Study Finds High Rate of Errors in Inhaler Technique and Treatment Nonadherence for COPD

A study on patients who use inhalers found that interventions to improve inhaler techniques and drug adherence are needed.

A small study of hospitalized patients with chronic obstructive pulmonary disease (COPD) and asthma in Sweden found that more than a quarter of them do not use their inhalers properly and struggle with treatment adherence.

All inhalers, whether they are metered dose inhalers (MDIs) or dry powder inhalers (DPIs), require multiple steps in order for the user to adequately receive the right dose of medication. If steps are performed incorrectly or if important ones are overlooked, some or all of the drug may not reach the lungs. Incorrect technique can lead to a poorer prognosis for patients with COPD and asthma, a higher risk of hospitalization, and can increase the costs of disease management.

Additionally, previous research has found that a higher risk of morbidity and mortality are associated with nonadherence to inhaled medications for people with COPD.

For the study, researchers invited 38 patients who were admitted to the orthopedic, geriatric, and medical wards at the Umeå University Hospital in October, November, and December 2018 and prescribed inhaled medications prior to admission. After some patients declined to participate and some were excluded, 23 were included in the final analysis. The majority were women with a mean age of 65 and the average number of medications they were taking was 7.2.

Participants who accepted the invitation were observed by the hospital pharmacist using a placebo inhaler to determine poor inhaler technique as assessed by a checklist for each inhaler and by a definition of critical errors.

Overall nonadherence to medication was determined using the Medication Adherence Report Scale (MARS)-5, a validated scale where participants rate how much they agree with 5 general statements about their adherence (forgetting the dose, altering the dose, stopping the dose, deciding to miss a dose, or taking less than instructed).

The results, published in Drugs Real World Outcomes, showed that 26.1% (6) of the 23 patients had 1 or more critical errors when using an inhaler and 30.4% (7) reported themselves as having issues being adherent with drug medication.

Out of 34 observations (29 DPIs and 5 MDIs) in 23 participants, 14 critical errors in technique were seen, and 6 (26.1%) participants had 1 or more critical errors. The 2 most common critical errors, referring to inhaler charging and positioning as well as inhaling/breathing errors, each accounted for 5 out of the 14 errors detected.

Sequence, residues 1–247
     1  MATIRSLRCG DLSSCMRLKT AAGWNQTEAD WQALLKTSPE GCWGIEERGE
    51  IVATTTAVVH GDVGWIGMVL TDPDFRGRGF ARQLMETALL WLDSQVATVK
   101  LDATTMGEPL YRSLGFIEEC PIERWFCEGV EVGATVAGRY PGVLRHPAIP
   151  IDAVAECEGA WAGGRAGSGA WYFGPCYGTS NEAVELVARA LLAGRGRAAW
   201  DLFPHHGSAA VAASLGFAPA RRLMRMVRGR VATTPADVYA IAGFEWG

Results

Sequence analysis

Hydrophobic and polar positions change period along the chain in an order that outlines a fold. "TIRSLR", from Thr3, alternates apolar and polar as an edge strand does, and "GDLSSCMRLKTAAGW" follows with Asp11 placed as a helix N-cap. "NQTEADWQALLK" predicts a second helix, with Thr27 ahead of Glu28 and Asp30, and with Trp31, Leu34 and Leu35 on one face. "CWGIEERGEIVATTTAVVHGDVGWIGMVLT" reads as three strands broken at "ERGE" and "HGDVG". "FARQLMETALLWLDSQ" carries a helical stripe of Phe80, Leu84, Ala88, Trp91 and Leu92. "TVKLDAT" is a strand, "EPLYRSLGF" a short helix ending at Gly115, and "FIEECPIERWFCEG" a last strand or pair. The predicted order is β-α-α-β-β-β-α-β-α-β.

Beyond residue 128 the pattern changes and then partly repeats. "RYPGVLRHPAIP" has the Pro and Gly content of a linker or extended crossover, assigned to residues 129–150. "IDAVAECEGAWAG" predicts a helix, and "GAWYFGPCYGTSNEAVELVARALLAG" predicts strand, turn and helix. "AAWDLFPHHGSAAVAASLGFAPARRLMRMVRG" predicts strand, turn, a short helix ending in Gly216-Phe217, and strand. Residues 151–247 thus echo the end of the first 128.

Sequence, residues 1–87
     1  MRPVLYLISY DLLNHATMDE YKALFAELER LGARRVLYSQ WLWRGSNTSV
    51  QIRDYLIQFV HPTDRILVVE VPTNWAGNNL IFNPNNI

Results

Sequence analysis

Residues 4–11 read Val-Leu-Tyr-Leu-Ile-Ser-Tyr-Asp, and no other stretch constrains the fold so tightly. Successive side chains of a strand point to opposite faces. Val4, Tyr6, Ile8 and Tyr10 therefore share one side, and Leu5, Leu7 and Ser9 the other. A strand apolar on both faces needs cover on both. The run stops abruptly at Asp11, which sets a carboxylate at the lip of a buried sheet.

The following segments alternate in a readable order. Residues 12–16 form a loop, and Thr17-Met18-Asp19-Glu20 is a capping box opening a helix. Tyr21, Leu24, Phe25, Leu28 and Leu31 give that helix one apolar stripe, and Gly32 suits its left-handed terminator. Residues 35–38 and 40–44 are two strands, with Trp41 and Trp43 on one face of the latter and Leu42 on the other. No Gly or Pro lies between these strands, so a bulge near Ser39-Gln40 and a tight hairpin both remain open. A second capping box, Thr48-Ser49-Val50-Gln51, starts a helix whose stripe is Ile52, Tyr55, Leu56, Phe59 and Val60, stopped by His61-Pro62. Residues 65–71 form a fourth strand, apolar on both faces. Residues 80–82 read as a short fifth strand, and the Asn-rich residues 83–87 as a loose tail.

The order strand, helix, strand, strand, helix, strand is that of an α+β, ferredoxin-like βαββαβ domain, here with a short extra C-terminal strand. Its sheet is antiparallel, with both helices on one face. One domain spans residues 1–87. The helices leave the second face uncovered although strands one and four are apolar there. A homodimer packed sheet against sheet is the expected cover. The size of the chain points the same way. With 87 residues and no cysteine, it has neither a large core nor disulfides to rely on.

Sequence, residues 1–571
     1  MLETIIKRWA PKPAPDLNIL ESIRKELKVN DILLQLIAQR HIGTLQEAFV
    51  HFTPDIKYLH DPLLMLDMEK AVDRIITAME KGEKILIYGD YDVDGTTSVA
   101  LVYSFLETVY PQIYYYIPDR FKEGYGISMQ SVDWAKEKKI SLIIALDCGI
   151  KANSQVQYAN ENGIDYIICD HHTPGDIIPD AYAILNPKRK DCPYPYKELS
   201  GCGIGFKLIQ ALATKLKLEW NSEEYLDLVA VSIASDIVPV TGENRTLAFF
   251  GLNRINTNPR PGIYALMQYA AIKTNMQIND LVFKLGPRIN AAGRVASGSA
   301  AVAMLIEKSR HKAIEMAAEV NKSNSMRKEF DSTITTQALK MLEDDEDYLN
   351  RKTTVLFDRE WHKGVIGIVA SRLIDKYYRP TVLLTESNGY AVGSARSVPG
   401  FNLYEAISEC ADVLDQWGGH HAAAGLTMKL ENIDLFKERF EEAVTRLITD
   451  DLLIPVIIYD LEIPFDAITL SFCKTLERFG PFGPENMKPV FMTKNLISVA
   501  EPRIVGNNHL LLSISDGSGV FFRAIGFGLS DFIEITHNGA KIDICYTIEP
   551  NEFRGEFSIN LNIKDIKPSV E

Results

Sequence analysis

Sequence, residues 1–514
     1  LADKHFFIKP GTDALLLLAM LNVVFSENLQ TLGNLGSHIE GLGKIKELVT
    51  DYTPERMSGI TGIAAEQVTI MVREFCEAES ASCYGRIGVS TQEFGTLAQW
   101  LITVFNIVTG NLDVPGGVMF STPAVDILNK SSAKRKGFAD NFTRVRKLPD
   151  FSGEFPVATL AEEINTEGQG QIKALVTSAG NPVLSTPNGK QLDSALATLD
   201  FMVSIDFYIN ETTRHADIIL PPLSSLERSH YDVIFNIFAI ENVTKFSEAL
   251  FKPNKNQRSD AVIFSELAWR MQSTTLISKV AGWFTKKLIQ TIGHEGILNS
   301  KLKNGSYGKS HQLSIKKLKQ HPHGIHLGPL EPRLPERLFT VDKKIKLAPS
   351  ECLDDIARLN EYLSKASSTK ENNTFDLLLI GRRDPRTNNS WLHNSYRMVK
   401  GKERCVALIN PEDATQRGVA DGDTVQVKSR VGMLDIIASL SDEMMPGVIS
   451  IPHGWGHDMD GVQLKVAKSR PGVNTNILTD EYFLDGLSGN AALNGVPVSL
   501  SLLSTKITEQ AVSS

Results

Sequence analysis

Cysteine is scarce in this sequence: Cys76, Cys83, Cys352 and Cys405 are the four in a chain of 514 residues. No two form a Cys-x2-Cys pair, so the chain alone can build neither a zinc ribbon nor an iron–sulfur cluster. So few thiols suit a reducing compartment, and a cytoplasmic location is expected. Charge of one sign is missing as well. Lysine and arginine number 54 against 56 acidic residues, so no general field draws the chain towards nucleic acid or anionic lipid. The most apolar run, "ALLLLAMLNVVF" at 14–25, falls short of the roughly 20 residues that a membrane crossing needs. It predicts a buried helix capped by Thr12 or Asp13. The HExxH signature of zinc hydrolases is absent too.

Other critical errors were incorrect lip and teeth placement around the inhaler mouthpiece (2 out of 14).

For each inhaler type, critical errors were observed for 10 out of 29 observations for DPIs and 4 out of 5 observations for MDIs. Two of the critical errors for MDIs were related to breathing.

The most common error in inhaler technique was not checking if there were any available doses in the inhaler before usage. However, investigators said that this may have been because participants were aware that they were using a placebo inhaler and may have assumed that a dose was available.

The researchers also found that patients with poor inhaler technique had a higher number of regularly prescribed medications than people who had no technique errors, and they were also older than those with no errors in technique. In addition, of those who were self-reported to be nonadherent to treatment, 29.5% performed critical errors in inhaler treatment.

The study had a number of limitations and the investigators urged caution in interpreting the results. The small sample size of participants means that the results may be over or understated and that they may not apply to a larger population of hospitalized patients. In addition, the patients were not recruited from respiratory units; if they had, the results might have been different. Moreover, given that the patients were hospitalized, they may not have been feeling well during the time or observation, or for privacy reasons, may not have answered the MARS-5 as fully as they would have otherwise. However, the investigators said that the results could serve “as a pilot to a larger study” and that they were in line with already published literature.

Investigators said that the results showed that interventions to improve inhaler technique and adherence medications are needed going forward.

Reference

Elander A, Gustagsson M. Inhaler technique and self-reported adherence to medications among hospitalized people with asthma and COPD. Drugs Real World Outcomes. October 14 2020;7(4):317-323. doi: 10.1007/s40801-020-00210-x.